Not that football is the only sport to have idiots among the professional ranks of its players and administrators. Back at the start of the summer when the professional cycling season was in fulll swing, Team Sky found that the latest cloud added to an already very overcast outlook was allegations that Gianni Moscon, one of their riders, had racially abused one of his fellow pros. Team Sky’s response was robust and unequivocal – six-week suspension, formal written warning, diversity awareness training and clear instruction that any repeat will result in sacking – in the manner of what many might consider proper employment practice. Whatever ordure Dave “Sir Dave” Brailsford might have hanging over his head, it seems the team’s HR department is still functioning.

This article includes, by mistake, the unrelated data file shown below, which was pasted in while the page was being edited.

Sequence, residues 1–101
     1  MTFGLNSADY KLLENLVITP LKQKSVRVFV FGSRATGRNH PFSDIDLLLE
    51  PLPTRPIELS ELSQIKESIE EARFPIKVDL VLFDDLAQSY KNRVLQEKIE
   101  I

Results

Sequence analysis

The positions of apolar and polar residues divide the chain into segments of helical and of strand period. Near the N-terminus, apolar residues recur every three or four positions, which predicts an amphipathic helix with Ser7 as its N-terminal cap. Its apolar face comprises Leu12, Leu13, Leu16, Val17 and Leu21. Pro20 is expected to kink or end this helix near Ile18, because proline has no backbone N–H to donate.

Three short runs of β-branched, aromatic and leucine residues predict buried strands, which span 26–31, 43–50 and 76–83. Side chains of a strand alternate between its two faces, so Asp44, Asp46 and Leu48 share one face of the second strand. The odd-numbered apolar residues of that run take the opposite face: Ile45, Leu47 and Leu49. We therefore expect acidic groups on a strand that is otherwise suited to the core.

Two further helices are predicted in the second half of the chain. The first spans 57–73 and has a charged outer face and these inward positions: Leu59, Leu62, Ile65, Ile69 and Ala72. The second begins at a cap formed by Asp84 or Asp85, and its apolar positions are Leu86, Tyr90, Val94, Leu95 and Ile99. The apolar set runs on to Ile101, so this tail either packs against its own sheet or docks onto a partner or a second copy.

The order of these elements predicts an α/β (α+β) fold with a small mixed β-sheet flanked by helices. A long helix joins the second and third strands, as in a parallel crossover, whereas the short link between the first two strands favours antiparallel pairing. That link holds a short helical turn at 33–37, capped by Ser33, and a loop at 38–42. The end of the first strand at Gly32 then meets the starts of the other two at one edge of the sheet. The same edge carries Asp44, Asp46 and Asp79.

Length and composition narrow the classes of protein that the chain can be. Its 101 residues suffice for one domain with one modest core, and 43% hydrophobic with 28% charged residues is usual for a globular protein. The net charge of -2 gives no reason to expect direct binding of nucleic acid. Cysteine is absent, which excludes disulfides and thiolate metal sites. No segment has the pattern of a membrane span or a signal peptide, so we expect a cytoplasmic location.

Henny Penny: wait for it…
That bucket precariously balanced over the door of Sir Dave’s office does seem to have an awful lot of slop in it. The editor is currently working on an article exploring the implications of Team Sky’s off-road performance but we keep hearing the distinctive ‘zzzzip, crunch, thump’ of paper being pulled out of the typewriter, scrunched up and thrown in the bin. We’ll keep you posted.

If you build it they will come (and arrest you)